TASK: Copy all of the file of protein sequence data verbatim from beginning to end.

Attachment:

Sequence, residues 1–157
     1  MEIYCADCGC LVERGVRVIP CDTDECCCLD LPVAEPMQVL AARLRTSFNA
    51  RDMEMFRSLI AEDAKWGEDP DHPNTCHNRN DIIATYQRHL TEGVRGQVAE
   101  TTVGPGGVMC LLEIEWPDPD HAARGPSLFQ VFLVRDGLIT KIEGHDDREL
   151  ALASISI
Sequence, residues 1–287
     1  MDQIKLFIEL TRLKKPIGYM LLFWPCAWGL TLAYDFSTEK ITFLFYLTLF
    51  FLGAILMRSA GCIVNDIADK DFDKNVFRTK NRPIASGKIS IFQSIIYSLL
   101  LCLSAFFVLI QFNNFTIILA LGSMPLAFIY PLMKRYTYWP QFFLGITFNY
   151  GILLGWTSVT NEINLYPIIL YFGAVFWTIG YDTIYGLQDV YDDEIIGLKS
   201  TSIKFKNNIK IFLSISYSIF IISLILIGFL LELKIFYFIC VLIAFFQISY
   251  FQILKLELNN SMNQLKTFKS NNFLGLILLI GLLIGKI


Sequence, residues 1–157
     1  MEIYCADCGC LVERGVRVIP CDTDECCCLD LPVAEPMQVL AARLRTSFNA
    51  RDMEMFRSLI AEDAKWGEDP DHPNTCHNRN DIIATYQRHL TEGVRGQVAE
   101  TTVGPGGVMC LLEIEWPDPD HAARGPSLFQ VFLVRDGLIT KIEGHDDREL
   151  ALASISI
Sequence, residues 1–287
     1  MDQIKLFIEL TRLKKPIGYM LLFWPCAWGL TLAYDFSTEK ITFLFYLTLF
    51  FLGAILMRSA GCIVNDIADK DFDKNVFRTK NRPIASGKIS IFQSIIYSLL
   101  LCLSAFFVLI QFNNFTIILA LGSMPLAFIY PLMKRYTYWP QFFLGITFNY
   151  GILLGWTSVT NEINLYPIIL YFGAVFWTIG YDTIYGLQDV YDDEIIGLKS
   201  TSIKFKNNIK IFLSISYSIF IISLILIGFL LELKIFYFIC VLIAFFQISY
   251  FQILKLELNN SMNQLKTFKS NNFLGLILLI GLLIGKI